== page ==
Possibly our favorite afternoon was when we went on a sunset cruise up the coast from Palm Beach on the Black Pearl. Albert and Joanne offer the perfect experience on this catamaran. First, it has only twenty spots, so it’s relaxed and not crowded. Second, those spots are lounges, so you’re kicking back the entire time. Third, their house special rum punch is delicious (and dangerously unlimited)! Fourth, and most importantly, GRILLED CHEESE SANDWICHES! Who even thinks about that on a beach cruise? They do, and it completely sold me on doing it.

We headed north from Palm Beach to Malmok Beach, stopping twice to hang out and snorkel. They even had prescription masks for we nearsighted folks, which meant we could actually see what was going on. It took a bit to get used to the snorkel, but once I did it was amazing to see everything under the surface. Matt, the first mate, found and brought up an octopus for everyone to see before returning it back to the ocean floor. In between, we sipped at rum punch and watched the coast go by.

On the way back, Joanne brought up two rounds of sandwiches. The first was a cold cheese and tomato sandwich on multigrain bread. While tasty, it wasn’t what was promised — I looked at Virginia and said, “you lied to me!” I had to eat my words minutes later as the GRILLED CHEESE SANDWICHES came out. Joanne made so much that we ate our fill and then some, not really bothering with dinner that night.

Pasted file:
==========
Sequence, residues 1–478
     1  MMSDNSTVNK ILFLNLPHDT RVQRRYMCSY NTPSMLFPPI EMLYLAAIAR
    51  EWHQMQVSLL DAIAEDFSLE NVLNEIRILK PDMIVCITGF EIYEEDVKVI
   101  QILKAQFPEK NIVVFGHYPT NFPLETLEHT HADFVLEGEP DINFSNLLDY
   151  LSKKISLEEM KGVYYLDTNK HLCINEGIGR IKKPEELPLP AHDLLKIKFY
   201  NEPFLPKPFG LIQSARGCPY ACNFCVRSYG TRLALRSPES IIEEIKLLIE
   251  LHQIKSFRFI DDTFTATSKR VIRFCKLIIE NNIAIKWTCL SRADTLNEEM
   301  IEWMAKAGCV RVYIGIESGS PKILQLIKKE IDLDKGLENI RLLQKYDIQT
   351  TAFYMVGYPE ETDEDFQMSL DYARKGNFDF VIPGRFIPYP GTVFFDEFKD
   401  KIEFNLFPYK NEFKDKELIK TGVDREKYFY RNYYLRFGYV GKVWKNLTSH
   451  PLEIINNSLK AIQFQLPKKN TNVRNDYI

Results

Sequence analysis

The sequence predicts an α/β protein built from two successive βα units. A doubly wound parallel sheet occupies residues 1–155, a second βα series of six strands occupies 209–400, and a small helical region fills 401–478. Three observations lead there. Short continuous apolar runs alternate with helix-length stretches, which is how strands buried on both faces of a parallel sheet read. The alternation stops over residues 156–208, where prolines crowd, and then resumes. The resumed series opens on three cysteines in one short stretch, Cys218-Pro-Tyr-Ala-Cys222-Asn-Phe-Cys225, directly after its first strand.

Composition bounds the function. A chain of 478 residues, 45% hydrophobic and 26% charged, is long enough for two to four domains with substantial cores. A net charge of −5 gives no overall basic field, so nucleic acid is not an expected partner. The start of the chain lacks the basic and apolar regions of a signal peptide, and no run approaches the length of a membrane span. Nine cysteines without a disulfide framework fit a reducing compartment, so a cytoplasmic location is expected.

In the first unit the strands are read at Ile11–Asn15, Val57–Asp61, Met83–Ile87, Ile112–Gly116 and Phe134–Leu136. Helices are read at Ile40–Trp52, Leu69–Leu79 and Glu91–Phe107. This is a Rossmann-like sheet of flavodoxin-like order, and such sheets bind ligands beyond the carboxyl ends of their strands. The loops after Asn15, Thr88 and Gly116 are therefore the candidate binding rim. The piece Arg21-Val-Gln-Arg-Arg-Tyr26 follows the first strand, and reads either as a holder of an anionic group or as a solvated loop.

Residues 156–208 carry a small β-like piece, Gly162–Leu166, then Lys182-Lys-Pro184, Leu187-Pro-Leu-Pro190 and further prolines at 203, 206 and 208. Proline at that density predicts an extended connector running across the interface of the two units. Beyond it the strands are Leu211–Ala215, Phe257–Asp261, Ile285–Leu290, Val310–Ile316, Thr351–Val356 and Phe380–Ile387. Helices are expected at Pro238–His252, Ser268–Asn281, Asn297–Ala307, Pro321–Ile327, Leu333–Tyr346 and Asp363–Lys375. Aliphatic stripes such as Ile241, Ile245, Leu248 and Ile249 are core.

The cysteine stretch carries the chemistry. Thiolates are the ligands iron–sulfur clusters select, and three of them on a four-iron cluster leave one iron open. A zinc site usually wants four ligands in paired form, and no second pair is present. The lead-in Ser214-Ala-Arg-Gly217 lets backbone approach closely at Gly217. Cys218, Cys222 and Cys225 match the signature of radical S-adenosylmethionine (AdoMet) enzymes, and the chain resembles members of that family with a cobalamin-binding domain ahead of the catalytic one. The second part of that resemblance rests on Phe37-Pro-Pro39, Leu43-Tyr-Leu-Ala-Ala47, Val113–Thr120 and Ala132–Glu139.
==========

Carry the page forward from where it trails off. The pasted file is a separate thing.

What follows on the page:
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Dining out

Food is expensive in Aruba, because basically nothing grows there but aloe and cactus. We had to close our eyes at the grocery store and just get what we wanted. However, coming from Chicago, the prices at restaurants seemed fairly reasonable.

When we ate out for dinner, we ate extremely well. In particular, we enjoyed:

  • Screaming Eagle — Not affiliated with the California cult winery, but boasting an expansive wine list with, yes, Screaming Eagle from multiple vintages. On Mondays they have a 44% discount on every bottle of wine, so we splurged on a 2005 Groth Reserve Oakville Cabernet Sauvignon (which we could never find at home at a remotely reasonable price). Virginia had lamb and I had bison, fully relaxed in one of their private bed lounges.
  • Atardi — Located at the Marriott Aruba resort, tables are set up on the beach for moonlight dining. We walked up as the sun was setting, which added to the ambience. Plus it was about two miles, so we worked up an appetite for the delicious seafood.
  • Passions on the Beach — Like Atardi, tables are beachside. We were close to the high-water mark for a casual, very tasty, meal.

We also found Coffee House, the shop for Smit & Dorlas coffee, in Oranjestad and went one morning. We had excellent cappuccinos and pan au jamons (pastries filled with ham, raisins, and olives).

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Ringing in the new year

We stayed at one place on Eagle Beach for the entire trip, except the night of New Year’s Eve when we stayed in Palm Beach. That worked out very well, because the high-rise hotels all had beach parties that night. We decided on the party at the Ritz-Carlton resort, which had live music and drinks until midnight, when the fireworks began. Not only did we have fireworks right in front of us, but we could also see them all down the coast. The main fireworks lasted about half an hour, and then we could watch additional fireworks as we walked back to our hotel to crash.